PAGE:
This tutorial is about
combination-style digi scrapping. That is, combining elements
of 3D paper-style scrapping and 2D graphic-style scrapping. First
we have to define paper-style and graphic-style scrapping.
Paper-style digi scrapping emulates the look of
traditional scrapbooking with 3D elements like tags, flowers,
stitching, brads, mats, etc. We try to fool the eye when we paper-style
scrap, using drop shadows and textures to increase the illusion.
I love it when I post a digi layout and people comment, “This
looks like you scanned in a paper layout!”
Graphic-style digi scrapping is 2D, flat, like
the cover of a magazine. There are no drop shadows because there
are no 3D elements.
We are going to combine these two styles and combine
them effectively. For doing this style wrong is easy to do! But
we are going to look at some layouts and you’ll start to
see what is right.
When I create a combination-style layout, I remember
to have all of the 2D stuff on the bottom layers and the 3D stuff
on the top layers AND don’t let layer any of the 2D elements
over the 3D ones. Basically, it would be like adding a silk flower
to a real magazine cover. Imagine the shadow of the flower. How
the flower covers some of the text and photo. The text on the
magazine cover could not be on top of the silk flower. So in our
digital combo-style layouts, our digital flower cannot be under
our text. Here’s a layout that shows you what I mean:
Note what is flat in the layout. The photo, the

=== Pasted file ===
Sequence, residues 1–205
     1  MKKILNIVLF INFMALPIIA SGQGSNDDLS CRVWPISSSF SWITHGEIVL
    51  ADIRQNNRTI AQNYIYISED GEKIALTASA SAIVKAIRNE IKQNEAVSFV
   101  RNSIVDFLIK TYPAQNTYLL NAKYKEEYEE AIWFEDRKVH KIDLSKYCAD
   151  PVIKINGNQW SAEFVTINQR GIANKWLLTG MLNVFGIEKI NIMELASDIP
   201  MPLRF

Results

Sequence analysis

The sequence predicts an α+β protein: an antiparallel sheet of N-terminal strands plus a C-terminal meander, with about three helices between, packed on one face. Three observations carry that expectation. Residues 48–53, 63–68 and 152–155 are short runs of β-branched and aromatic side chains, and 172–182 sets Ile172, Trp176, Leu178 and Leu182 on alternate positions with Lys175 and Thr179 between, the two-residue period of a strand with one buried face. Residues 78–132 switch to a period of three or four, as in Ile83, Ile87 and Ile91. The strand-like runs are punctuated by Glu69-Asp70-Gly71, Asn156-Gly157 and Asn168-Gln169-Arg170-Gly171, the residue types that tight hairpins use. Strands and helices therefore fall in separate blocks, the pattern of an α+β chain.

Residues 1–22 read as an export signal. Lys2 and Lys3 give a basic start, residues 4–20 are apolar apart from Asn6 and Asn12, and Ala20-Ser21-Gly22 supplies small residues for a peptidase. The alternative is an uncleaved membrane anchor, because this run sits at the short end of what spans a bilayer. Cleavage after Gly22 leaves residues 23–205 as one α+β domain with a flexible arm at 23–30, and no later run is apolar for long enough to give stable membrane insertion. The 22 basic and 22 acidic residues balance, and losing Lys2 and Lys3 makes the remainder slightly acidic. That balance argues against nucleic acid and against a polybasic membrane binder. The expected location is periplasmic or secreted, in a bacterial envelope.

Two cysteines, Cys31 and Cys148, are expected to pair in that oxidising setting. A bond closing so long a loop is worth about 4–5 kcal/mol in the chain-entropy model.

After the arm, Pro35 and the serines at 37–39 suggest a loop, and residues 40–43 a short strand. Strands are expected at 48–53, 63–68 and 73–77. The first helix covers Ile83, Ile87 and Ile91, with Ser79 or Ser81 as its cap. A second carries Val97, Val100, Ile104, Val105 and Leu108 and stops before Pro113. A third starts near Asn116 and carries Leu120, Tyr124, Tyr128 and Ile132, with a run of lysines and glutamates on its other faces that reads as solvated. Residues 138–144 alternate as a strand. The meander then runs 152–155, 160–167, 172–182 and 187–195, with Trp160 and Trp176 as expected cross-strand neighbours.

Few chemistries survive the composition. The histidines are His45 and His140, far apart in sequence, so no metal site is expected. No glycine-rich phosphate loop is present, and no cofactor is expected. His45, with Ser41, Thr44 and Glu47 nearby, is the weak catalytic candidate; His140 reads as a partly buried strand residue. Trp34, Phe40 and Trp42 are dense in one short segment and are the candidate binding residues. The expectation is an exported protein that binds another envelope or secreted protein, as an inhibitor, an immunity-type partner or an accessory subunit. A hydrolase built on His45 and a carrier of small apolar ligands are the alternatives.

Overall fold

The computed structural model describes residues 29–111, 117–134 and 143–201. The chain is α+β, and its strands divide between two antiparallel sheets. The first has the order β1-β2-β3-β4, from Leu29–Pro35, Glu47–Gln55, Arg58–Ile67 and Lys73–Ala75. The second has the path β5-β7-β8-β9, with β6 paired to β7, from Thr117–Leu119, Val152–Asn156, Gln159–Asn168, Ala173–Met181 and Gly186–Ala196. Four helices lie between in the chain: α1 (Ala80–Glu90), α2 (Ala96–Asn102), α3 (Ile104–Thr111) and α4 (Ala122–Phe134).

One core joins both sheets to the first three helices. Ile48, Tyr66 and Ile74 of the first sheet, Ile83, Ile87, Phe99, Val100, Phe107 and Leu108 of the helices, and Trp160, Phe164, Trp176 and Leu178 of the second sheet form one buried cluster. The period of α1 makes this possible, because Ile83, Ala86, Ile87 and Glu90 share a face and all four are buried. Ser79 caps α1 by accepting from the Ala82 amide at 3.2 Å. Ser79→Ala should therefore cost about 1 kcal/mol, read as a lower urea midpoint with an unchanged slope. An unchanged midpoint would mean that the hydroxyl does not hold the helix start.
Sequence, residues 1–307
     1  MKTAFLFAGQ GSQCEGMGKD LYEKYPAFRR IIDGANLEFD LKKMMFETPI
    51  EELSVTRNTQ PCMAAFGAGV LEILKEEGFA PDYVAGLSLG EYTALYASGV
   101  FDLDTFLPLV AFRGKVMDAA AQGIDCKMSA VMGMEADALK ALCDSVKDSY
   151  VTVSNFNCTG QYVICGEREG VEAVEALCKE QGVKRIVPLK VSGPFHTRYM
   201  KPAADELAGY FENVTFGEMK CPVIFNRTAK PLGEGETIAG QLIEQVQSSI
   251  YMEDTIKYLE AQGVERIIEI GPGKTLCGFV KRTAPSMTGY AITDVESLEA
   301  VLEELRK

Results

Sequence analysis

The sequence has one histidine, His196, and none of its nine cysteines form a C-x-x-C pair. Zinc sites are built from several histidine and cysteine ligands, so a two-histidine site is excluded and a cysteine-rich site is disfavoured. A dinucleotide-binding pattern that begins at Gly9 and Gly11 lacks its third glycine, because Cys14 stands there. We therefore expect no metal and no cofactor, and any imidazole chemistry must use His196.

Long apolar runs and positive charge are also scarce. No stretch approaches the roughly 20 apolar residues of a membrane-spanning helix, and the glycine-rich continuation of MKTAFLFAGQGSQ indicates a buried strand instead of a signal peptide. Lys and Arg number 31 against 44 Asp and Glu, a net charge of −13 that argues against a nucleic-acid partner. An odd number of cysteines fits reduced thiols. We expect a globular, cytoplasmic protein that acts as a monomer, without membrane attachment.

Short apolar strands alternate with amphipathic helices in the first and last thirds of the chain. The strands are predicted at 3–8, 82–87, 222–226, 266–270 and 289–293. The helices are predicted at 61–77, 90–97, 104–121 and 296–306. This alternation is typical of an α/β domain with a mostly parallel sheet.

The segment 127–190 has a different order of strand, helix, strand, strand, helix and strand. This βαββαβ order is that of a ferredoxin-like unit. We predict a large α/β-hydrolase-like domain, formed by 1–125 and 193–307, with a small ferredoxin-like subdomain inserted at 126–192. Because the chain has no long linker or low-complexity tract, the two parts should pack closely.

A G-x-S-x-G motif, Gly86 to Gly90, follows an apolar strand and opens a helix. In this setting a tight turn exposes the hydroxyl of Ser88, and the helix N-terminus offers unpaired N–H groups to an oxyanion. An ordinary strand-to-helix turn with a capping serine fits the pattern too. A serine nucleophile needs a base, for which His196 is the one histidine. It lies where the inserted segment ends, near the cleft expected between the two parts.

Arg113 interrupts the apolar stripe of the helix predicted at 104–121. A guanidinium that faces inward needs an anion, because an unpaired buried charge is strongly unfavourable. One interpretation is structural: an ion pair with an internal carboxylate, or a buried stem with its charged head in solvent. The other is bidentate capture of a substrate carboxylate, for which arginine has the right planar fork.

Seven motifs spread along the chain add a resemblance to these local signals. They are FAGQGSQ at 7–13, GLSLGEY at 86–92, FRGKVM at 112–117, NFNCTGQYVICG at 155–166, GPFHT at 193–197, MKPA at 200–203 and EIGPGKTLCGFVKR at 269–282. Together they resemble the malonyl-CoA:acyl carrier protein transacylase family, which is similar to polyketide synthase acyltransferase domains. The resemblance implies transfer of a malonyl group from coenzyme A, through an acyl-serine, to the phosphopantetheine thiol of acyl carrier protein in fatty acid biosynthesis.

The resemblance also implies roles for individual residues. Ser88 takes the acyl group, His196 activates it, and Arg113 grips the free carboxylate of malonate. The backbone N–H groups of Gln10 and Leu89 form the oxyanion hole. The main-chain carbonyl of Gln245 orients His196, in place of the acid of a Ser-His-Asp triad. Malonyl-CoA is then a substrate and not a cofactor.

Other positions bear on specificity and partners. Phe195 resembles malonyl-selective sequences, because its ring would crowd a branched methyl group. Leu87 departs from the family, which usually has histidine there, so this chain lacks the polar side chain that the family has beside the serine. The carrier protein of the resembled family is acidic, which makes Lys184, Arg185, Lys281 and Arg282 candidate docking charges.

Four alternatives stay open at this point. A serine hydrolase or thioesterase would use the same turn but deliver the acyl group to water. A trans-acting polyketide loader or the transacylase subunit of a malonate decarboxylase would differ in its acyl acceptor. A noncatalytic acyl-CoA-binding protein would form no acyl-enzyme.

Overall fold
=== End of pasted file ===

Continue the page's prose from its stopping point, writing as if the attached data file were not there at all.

text, the mask, the border. Note what is 3D. The metal grid, flower,
snowflakes and corners. The 3D stuff is all on top of the flat
stuff. This is graphic-style layout with 3D elements added after
it was all done.
Here’s another layout:
Note what is flat. The photo, the text on the
photo, the borders.
Note what is 3D: The fabric, the ribbon, the flowers,
the title. If the flat poem text would have been over the ribbon
– all of the effect would have been lost.
Now let’s look at one of Debb’s layouts:
Note what looks like a magazine cover: the photo,
the text over the photo, the inset photo and mats that have no
drop shadows and no texture. The mats are really a border.
And see the 3D stuff? It’s layered on top
of the “magazine page.”
Our own DSP member Mary is very effective at this
style. Here is a combo-style layout of her’s:
Note the montage of photos UNDER the paper and
And another: fig 5
And another: fig 6
Note that masks have been used on quite a few
of the photos in these layouts. That’s what masks are for!
They look awful in paper-style pages because they don’t
look realistic. How can you make a paper photo look like it has
a soft, blurred edge? You can’t. But masks are awesome in
Have fun combining these styles!!
© Stacey Jewell Stahl, 2006